“Alright,” she said. “I’ll make some chicken for you. You can have it with the stew.” She stepped into the kitchen and moved toward the refrigerator.
He waved an arm to keep her back. “Naw! I’ll do it.” He shook his head in a gesture of disgust and frustration that was familiar to her. “It probably took you all day to throw the goddamn vegetables into the pot and add water. You think I can wait another six hours for my dinner?”
One thing about Norman was that he could move quickly. Even as he spoke, he had fished some chicken out of the refrigerator and was cutting it up.
“You’re impossible.” Sylvia sighed and moved to the silverware drawer. “I’ll set the table.”
Norman looked over at the table. His head shook again. “It’s six thirty, Sylvia! You couldn’t set the table before I got home? Never mind. I have a good idea. Why don’t you go back into the bathroom, and I’ll do it.”
“No, I’ll set…”
Norman had already moved to the silverware drawer blocking her.
She pressed her lips together and planted her feet. This was one of those moments, and she knew it. Either she could back off and let the bastid do what he wanted, or she could explode. She put her hands on her hips so that Norman would know that she was considering exploding, but then she exhaled and deflated. I won’t give him the satisfaction, she decided.
“Alright,” she said. “I wanted to make you a nice dinner, but you have no appreciation for what’s good.”
“Don’t worry, Sylvia. I know what’s good.” Norman seasoned the chicken and put it into a frying pan where it immediately started to fill the kitchen with a pleasing smell.
Sylvia looked at the chicken in the frying pan and, as she turned to go into the living room, she said, “Put another piece in for me. I’ll have some too.”
She moved into the living room and scanned it with her poorly tracking eyes. Ugly. Everything in this apahtment is ugly.
Sylvia fell into the old yellow armchair that her mother and father had given them when her parents had moved to Scarsdale. Who wanted their filthy cast-off furniture? Norman made me take it.
“What’s the matter with you?” Norman had said. “It’s a nice chair. It has almost no wear! Do you work for the money? No! Take the damn chair and say thank you to your father.”
He’d made her take the chair, but she hadn’t said thank you.
The couch had come from some second-hand warehouse on the Lower East Side. Norman had gotten the coffee table from someone at the Con Edison plant he worked at. The little bar under the window had been an anniversary present from the kids. Only the African masks had been chosen by Sylvia. She had taken a course in African art at the Met and then purchased the masks from the gift shop. Norman hadn’t appreciated them. “What the hell are these? What’re you into now…voodoo? They don’t match anything in the room. How much did they cost?”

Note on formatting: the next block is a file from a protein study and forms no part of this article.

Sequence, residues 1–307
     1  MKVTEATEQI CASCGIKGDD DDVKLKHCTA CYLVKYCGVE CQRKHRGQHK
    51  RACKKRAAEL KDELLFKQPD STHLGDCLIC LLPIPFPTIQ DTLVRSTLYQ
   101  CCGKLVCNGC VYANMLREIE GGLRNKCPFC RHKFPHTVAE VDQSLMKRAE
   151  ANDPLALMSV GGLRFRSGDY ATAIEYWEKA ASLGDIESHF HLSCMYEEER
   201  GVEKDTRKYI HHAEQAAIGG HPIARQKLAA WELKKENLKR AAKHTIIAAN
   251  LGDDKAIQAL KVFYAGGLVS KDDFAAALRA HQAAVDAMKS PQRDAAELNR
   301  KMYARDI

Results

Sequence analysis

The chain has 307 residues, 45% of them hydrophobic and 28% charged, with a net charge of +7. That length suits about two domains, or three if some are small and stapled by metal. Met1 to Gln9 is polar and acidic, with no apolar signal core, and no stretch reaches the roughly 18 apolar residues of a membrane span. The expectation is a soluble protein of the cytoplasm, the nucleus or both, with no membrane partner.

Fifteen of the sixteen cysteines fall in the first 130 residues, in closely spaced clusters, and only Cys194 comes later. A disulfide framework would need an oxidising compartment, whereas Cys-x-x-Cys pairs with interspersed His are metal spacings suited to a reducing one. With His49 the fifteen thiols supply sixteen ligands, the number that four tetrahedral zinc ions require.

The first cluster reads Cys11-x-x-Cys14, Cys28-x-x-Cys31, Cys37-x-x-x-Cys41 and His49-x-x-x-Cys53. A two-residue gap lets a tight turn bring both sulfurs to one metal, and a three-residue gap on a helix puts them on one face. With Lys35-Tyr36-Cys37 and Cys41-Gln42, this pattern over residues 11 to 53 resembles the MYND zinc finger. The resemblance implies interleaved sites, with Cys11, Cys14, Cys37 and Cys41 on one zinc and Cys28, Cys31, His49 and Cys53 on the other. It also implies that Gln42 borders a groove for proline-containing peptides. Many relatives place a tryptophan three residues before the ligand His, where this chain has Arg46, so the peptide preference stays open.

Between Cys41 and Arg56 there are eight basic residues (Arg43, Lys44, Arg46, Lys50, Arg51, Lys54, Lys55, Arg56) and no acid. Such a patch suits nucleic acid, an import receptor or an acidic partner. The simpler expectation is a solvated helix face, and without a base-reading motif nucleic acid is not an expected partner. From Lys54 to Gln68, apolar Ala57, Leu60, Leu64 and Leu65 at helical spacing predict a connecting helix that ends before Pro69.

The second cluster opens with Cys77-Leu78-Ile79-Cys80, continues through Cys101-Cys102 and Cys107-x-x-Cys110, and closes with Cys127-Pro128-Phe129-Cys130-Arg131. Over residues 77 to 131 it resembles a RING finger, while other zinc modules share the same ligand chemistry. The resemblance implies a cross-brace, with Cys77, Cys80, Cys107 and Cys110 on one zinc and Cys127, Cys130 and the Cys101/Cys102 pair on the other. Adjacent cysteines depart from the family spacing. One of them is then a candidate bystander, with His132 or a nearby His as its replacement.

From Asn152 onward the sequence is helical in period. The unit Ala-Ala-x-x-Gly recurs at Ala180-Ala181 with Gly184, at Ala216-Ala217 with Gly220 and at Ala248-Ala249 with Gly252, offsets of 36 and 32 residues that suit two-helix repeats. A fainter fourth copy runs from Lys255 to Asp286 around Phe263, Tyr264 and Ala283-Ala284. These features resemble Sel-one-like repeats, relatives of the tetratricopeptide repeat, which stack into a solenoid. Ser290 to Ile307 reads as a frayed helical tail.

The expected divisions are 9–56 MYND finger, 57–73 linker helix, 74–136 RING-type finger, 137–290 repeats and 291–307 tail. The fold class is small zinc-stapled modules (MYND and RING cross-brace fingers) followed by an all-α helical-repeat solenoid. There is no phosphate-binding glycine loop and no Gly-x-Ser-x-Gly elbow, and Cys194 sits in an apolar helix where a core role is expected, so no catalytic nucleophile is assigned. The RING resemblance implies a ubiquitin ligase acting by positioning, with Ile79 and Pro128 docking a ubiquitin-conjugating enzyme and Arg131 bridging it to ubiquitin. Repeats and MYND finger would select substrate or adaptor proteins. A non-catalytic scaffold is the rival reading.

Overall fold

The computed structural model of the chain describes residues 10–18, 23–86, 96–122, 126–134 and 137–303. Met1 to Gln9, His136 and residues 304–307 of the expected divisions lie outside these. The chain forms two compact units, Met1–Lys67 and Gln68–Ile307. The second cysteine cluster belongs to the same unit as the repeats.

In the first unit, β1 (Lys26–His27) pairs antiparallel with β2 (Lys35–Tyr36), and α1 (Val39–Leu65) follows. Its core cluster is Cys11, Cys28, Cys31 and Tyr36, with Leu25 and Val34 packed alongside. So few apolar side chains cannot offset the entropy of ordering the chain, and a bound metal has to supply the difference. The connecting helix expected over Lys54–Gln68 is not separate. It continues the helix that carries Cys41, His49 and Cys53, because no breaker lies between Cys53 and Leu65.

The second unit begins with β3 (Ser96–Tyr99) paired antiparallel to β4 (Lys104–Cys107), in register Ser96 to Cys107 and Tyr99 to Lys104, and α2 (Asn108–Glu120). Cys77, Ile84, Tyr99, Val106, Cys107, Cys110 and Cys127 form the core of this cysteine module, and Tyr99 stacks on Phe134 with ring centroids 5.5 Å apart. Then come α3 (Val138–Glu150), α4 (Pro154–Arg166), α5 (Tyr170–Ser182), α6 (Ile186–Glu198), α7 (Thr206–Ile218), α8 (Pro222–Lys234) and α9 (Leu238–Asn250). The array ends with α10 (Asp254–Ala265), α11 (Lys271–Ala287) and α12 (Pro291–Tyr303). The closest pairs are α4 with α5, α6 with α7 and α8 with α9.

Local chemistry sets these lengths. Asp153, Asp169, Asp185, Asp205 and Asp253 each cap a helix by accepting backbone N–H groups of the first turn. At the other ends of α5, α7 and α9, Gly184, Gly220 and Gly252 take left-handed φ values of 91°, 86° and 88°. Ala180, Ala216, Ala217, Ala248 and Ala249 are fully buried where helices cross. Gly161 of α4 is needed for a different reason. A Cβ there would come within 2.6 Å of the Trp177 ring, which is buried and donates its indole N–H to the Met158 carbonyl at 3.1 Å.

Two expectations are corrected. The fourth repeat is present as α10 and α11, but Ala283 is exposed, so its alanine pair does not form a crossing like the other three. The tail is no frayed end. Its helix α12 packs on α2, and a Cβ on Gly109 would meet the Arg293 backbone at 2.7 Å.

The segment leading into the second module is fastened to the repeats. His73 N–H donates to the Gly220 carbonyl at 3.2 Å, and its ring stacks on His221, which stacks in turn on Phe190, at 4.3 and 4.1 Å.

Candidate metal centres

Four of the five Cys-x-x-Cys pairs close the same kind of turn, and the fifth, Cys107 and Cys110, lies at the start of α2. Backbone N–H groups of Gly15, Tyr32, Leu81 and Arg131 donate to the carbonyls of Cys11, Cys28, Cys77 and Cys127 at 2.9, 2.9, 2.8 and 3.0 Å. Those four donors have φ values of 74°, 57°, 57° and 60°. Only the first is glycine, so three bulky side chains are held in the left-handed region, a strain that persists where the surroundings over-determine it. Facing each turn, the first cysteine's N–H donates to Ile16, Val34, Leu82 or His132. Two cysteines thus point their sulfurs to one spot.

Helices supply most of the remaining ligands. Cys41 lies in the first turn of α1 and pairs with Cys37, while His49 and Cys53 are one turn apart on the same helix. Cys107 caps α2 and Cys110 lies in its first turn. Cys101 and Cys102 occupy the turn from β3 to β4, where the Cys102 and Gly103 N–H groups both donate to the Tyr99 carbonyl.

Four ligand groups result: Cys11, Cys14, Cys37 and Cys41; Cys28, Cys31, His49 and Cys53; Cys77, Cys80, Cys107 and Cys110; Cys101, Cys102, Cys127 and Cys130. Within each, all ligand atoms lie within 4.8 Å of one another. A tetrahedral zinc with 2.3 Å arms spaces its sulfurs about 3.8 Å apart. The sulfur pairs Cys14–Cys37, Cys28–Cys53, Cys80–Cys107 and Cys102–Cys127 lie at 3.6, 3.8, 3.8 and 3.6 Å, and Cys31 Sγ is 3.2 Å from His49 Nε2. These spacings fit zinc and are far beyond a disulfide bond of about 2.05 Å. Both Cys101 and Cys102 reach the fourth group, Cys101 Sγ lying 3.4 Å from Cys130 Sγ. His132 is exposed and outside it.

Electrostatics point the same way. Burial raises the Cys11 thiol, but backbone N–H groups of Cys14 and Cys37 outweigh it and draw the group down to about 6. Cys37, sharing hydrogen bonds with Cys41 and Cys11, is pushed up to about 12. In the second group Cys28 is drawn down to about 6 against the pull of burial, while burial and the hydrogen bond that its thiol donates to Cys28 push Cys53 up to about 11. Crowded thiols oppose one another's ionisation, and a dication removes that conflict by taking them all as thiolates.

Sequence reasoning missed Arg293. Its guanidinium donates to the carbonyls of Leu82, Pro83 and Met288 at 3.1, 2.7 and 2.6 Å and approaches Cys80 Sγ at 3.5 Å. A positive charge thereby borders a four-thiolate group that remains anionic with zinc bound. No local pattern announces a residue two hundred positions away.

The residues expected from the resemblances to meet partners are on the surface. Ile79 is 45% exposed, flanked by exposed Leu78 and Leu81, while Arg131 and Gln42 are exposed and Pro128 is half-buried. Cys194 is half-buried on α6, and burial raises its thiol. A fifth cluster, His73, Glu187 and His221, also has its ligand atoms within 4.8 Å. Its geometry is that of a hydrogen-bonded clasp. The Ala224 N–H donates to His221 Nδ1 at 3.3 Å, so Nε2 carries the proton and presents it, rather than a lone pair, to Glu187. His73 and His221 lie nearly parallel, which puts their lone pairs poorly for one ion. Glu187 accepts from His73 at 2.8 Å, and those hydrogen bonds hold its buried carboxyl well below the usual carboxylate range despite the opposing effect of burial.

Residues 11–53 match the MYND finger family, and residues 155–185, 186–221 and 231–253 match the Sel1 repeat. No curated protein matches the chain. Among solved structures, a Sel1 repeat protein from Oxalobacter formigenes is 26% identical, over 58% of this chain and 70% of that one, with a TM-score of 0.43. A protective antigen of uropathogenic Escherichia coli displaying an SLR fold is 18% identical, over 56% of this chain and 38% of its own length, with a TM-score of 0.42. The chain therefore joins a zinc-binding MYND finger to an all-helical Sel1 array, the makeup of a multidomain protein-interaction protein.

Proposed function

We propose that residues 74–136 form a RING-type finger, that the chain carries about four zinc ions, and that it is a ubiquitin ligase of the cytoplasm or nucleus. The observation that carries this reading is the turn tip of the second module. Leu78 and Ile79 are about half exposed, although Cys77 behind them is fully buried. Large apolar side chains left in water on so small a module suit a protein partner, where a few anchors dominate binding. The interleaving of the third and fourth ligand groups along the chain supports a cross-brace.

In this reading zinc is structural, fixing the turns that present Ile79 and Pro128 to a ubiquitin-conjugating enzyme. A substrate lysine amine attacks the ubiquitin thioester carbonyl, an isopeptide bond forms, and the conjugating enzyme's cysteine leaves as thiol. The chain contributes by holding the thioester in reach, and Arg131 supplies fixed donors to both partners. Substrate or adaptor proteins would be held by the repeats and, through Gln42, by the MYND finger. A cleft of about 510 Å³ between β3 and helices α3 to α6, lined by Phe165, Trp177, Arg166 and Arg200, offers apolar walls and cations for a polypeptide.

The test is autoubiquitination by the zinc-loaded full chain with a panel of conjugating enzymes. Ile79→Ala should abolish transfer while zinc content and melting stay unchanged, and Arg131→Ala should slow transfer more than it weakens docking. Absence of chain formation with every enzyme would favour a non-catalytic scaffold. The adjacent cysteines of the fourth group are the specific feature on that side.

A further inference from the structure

“They’re aht. Do you know what aht is? These are fine works of aht.”
Of course he didn’t know what aht was, he worked for fucking Con Edison. My asshole father knows more about aht than Norman. She had taken the course, not him. Norman repaired faulty circuit breakers and transformers. He goes out in a truck for nine hours a day. He doesn’t know anything about aht.
At one point she had taken up painting, but she had difficulty controlling a paintbrush. Sylvia decided that she had an arthritic thumb and gave it up. Before that she had taken up macramé, and before that she’d taken a pottery class. In the apartment there were four ashtrays that Sylvia had made in the days when she and Norman still smoked cigarettes. Her older son, Glenn had once said, “Ma, why don’t you get rid of the ashtrays. You and dad don’t smoke anymore do you?”
“They’re aht, Glenn.”
“Ma, they’re not art. They’re ashtrays. Kids make them at summer camp, before they graduate to bird houses.”
Sylvia sighed in remembering. It was hopeless. Glenn knew as much about art as his father. She looked around the living room again. Then she remembered the tile with Mitzi’s face on it. Her daughter hated the apartment. She’d never come back to it once she finished college. She’d gotten her own place with her boyfriend, Ira. Now they were married and living in Malibu. Ira was a lawyer, and Mitzi was in real estate. Mitzi came to visit twice a year. Ira only came with her once. During her last visit, Mitzi and her mother had fought about the apartment. “You need a decorator,” Mitzi had said. “Let me get you a decorator to fix this place up. Really, ma, it’s atrocious.”
Sylvia had been irate. “Your father and I sacrificed so you and your brother could go to college and have whatever you wanted. Don’t be such a little bitch,” she spat.
“You’re the bitch,” Mitzi had retaliated.